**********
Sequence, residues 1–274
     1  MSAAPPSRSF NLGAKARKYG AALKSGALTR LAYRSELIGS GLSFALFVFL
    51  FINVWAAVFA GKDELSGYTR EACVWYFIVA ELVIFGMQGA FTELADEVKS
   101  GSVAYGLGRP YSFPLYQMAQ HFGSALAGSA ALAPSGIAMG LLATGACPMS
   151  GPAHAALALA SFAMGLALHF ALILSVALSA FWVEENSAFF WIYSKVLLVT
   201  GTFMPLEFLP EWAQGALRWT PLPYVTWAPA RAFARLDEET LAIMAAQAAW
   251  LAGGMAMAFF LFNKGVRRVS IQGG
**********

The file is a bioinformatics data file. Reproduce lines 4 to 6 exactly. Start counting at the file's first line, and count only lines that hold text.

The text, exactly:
   101  GSVAYGLGRP YSFPLYQMAQ HFGSALAGSA ALAPSGIAMG LLATGACPMS
   151  GPAHAALALA SFAMGLALHF ALILSVALSA FWVEENSAFF WIYSKVLLVT
   201  GTFMPLEFLP EWAQGALRWT PLPYVTWAPA RAFARLDEET LAIMAAQAAW